At the end of each school year, I like to ask myself: "What are the best teaching methods I've used this year?" By examining my practice and identifying my best teaching methods, I can ensure they are fully incorporated into next year's lessons. Here are five strategies that proved to be extremely effective in my classroom.
1. Student-Centered Discussions
I admit that I do enjoy being the "sage on the stage" in my classroom, but I realize that this does little to engage my students in deep thinking. I want my students to be at the center of their learning.
Previously, when we read a book or short story, I'd ask questions to the whole class. Inevitably, the same five or six students would answer the questions, and I'd assume everyone understood. Now, I create small groups of three or four students, and they answer the questions in those small groups first, ensuring all students have an opportunity to participate.
I've seen an increase in comprehension, speaking and listening skills, and test scores. Implementing student-centered discussions is fairly easy to do—just create thought-provoking questions that dive deep into the content. The rewards are definitely worth it.
2. Making Connections
It is absolutely essential that teachers help students make connections to their learning. Real-life connections make learning interesting and relevant for students.
When I teach Macbeth, for example, I have my students focus on the idea of setting goals. They examine how ambition can be both positive and negative, and I have them study recent world leaders to help them understand the real-life implications of this concept.
Further reading: Create an Engaged and Positive Classroom Culture
A history teacher at my school conducts a G20 conference in his classroom, with students representing countries and focusing on specific issues. The students' goal is to explore the problems of each specific region and form relationships with other nations in order to address them. This helps students personally identify with international issues in a way they never could before.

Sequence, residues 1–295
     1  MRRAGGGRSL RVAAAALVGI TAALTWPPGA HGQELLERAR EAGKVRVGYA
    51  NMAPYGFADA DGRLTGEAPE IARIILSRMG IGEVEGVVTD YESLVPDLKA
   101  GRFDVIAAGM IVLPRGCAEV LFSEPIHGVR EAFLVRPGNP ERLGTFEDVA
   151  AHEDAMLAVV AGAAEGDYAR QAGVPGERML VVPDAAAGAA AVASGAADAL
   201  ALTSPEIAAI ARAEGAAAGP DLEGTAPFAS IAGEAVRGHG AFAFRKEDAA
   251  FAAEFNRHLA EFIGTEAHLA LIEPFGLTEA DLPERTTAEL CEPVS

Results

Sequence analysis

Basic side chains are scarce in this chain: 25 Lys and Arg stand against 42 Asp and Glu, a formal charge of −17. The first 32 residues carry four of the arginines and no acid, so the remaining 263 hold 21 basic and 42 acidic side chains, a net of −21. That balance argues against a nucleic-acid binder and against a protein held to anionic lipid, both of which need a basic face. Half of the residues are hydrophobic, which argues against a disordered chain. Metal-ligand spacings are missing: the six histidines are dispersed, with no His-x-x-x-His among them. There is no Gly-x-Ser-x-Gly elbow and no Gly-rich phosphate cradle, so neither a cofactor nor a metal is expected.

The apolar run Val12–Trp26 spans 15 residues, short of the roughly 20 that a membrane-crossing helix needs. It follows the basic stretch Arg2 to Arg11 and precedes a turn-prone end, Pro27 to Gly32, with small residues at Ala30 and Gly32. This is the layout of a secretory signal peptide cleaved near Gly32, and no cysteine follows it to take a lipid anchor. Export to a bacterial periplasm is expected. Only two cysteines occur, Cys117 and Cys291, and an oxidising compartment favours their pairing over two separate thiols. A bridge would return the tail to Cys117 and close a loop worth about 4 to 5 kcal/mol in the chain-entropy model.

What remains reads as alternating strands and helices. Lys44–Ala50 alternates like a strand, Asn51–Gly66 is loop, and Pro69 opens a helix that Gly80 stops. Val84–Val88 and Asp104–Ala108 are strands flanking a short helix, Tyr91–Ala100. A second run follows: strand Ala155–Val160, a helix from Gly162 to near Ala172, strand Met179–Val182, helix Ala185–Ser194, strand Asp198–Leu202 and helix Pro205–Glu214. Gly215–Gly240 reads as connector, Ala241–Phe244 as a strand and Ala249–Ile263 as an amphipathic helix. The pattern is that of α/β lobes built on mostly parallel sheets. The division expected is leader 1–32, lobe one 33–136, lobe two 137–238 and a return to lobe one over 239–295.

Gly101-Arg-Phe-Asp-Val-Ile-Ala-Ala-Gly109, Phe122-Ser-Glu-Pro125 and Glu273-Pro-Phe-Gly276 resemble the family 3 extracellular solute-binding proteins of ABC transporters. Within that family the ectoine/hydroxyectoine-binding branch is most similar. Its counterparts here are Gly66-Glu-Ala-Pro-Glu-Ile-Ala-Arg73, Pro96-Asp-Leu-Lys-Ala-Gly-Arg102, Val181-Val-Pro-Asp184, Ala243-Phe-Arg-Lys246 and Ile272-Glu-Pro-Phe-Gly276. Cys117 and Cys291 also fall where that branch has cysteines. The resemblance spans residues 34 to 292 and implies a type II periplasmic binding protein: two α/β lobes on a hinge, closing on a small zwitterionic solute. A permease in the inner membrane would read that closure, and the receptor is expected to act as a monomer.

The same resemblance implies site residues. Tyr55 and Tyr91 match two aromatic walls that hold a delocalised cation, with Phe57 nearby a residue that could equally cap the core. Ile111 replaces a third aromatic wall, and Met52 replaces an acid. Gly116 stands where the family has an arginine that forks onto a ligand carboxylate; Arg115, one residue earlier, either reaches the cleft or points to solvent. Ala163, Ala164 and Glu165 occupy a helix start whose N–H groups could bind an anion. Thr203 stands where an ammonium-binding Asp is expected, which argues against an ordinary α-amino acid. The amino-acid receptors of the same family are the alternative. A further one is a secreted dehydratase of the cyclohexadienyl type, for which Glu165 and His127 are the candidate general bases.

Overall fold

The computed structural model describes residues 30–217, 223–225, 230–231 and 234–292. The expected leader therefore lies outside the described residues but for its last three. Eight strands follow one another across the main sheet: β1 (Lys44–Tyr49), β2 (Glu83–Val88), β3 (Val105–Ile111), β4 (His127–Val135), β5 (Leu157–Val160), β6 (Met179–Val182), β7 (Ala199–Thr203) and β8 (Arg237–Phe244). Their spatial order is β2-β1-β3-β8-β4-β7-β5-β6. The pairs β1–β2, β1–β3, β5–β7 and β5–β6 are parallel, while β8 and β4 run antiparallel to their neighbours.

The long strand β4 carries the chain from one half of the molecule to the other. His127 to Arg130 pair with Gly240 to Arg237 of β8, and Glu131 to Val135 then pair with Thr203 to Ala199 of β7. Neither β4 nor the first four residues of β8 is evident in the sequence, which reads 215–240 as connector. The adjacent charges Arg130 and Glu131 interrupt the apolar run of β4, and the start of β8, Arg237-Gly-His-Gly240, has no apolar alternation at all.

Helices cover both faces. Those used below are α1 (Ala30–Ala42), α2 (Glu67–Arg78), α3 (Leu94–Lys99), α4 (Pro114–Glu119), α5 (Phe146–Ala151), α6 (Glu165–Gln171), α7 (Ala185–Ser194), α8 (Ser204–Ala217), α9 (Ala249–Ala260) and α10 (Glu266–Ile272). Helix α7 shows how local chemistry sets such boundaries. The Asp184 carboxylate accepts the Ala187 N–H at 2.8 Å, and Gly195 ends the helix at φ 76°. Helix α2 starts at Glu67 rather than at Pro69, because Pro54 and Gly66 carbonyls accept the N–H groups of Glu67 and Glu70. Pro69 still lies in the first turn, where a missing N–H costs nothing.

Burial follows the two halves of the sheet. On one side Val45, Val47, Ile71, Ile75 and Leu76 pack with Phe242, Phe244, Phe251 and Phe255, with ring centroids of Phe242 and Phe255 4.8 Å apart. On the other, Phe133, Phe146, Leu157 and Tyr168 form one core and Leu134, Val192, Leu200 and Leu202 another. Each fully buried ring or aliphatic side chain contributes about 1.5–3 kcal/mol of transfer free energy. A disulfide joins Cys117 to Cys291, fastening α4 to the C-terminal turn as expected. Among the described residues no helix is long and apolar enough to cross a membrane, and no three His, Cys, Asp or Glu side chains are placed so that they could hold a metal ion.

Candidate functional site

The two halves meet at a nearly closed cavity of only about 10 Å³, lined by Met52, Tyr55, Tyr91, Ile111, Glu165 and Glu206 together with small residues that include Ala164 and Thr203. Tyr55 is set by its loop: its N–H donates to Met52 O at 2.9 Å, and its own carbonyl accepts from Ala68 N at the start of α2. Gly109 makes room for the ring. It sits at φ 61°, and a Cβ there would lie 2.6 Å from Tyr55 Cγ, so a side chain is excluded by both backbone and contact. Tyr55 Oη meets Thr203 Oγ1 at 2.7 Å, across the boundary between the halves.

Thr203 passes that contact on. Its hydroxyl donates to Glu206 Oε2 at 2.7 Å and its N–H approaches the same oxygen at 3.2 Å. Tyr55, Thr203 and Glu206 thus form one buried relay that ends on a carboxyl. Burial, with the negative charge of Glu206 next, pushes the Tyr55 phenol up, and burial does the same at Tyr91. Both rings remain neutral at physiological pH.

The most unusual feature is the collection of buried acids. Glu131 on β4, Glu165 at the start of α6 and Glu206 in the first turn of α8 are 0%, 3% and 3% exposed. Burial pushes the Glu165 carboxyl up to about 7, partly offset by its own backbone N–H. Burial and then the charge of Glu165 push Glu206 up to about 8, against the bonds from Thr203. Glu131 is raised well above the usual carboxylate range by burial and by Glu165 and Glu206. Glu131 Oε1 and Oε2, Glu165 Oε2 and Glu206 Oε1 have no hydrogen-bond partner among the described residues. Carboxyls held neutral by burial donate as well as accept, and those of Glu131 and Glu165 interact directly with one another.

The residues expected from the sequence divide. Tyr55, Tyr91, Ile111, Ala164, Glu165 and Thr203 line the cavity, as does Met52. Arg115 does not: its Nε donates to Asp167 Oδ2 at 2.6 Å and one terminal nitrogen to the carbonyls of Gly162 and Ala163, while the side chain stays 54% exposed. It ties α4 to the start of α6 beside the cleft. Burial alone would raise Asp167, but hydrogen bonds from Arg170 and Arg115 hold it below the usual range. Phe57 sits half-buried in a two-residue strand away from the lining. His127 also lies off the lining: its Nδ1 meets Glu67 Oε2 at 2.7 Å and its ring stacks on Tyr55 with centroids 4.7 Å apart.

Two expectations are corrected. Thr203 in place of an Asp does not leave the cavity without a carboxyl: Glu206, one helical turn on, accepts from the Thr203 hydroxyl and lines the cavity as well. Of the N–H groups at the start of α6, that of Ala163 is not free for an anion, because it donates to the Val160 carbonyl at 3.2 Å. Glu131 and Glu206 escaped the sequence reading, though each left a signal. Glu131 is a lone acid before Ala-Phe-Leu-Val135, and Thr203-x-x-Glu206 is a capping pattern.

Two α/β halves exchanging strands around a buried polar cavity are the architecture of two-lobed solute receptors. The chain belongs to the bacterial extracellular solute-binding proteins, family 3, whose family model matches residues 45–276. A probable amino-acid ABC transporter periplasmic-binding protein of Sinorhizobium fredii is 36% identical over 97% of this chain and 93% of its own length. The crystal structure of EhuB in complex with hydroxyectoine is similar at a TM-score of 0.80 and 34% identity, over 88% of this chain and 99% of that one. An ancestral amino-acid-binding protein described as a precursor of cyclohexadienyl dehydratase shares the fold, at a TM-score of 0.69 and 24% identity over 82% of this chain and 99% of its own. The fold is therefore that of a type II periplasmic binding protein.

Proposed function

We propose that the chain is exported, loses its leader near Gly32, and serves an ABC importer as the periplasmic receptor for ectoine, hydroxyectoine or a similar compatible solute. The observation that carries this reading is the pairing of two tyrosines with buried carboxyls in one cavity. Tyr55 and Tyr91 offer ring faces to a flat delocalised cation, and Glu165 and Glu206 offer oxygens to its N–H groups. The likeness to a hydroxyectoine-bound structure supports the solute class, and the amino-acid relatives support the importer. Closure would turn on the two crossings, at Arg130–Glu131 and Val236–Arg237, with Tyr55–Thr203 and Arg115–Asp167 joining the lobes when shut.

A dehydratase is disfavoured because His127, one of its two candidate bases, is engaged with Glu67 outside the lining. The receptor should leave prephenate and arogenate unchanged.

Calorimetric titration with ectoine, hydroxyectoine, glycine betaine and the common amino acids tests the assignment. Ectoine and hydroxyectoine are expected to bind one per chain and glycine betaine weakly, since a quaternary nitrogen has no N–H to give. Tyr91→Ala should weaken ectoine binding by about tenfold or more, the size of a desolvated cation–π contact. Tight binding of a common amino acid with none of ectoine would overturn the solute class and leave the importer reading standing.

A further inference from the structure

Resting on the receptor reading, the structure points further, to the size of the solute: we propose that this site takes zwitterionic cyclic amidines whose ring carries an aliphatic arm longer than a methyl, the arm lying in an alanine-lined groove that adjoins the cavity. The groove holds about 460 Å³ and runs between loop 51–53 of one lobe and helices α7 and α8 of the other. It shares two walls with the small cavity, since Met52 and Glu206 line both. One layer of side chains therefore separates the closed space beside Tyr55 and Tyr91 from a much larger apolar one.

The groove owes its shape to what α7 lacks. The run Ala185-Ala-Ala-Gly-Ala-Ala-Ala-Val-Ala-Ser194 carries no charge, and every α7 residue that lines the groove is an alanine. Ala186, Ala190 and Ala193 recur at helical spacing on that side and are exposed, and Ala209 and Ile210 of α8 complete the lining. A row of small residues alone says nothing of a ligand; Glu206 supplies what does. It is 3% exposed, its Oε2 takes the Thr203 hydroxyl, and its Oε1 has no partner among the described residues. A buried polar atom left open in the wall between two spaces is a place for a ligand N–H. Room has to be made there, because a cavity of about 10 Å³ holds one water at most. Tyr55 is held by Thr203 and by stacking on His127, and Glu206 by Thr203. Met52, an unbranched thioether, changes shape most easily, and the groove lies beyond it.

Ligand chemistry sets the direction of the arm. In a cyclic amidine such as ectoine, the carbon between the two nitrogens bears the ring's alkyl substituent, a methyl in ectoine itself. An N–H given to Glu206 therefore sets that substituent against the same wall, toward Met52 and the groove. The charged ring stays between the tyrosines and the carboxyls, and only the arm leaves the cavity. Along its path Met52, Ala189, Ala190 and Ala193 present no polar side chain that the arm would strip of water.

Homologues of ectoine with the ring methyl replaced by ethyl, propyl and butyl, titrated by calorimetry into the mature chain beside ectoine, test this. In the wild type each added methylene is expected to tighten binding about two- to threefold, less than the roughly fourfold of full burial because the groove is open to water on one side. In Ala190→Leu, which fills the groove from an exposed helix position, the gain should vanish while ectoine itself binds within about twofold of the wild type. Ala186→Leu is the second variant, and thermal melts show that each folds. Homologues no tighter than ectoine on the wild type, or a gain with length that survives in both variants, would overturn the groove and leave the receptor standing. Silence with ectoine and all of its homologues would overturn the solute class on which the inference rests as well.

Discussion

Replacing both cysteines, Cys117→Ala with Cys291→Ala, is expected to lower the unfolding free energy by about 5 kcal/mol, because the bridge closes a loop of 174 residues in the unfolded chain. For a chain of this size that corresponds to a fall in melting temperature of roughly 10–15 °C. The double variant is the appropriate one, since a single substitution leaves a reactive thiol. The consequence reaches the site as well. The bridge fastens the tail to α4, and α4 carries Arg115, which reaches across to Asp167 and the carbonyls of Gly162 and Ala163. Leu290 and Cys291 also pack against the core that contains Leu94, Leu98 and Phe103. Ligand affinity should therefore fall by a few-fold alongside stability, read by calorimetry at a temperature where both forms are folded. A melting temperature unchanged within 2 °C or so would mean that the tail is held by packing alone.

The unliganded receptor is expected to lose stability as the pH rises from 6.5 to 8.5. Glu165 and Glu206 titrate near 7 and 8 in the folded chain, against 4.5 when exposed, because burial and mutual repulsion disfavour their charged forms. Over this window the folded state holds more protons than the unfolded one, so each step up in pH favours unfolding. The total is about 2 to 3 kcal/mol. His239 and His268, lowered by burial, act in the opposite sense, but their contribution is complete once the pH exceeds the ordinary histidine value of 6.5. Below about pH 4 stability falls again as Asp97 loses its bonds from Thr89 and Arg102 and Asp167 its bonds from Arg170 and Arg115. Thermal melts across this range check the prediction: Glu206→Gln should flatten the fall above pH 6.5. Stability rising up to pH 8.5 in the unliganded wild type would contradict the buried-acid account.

In physics class, students build their own physical models to apply theory to real life. Examine your curriculum and see what relatable applications you can bring into the classroom. Students will be much more engaged, and those real-world connections will help students understand the content and theories you're teaching much better than by simply reading a textbook.
3. Increased Autonomy
After reading the research on student autonomy, I wanted to increase student independence in my classroom. This year, I've allowed my students to pick from several prompts when writing an essay. Because it's important to tie learning to students' personal interests, I permit students to choose their own topics for research papers and to choose which projects they want to explore.
I make sure to still provide my students with clear learning goals, but they are able to make their own choices within that framework. Autonomy helps engage and empower my students, and it enables them to have a voice in their learning.
4. Building Relationships
Building relationships in the classroom is extremely powerful for students' behavioral and academic success. Teachers can help build relationships by meeting with students during office hours and creating team-building projects like student videos.
Further reading: Building a Joyful Classroom
Attending student sporting events and after-school activities also provides a great launching pad for discussion. Finally, I like to have a few minutes of "real talk" each week in my classroom for students to discuss topics that are important to them, and that helps break down walls and build solidarity in the classroom.
5. A Focus on Literacy
I'm always trying to improve my students' reading. Providing students with reading material that interests them and helps them to understand the joys of reading for pleasure. I make sure my classroom is well-stocked with books I know young adults enjoy.
In addition, if I see a strong op-ed piece online or in the newspaper, I'll share it with my students. I've noticed that my students now come to me when they read something compelling and thought-provoking, and they've become stronger readers and writers as a result.
These are the best teaching methods I've utilized this year. How about you? What are the best methods and strategies that have worked in your classroom? Comment below!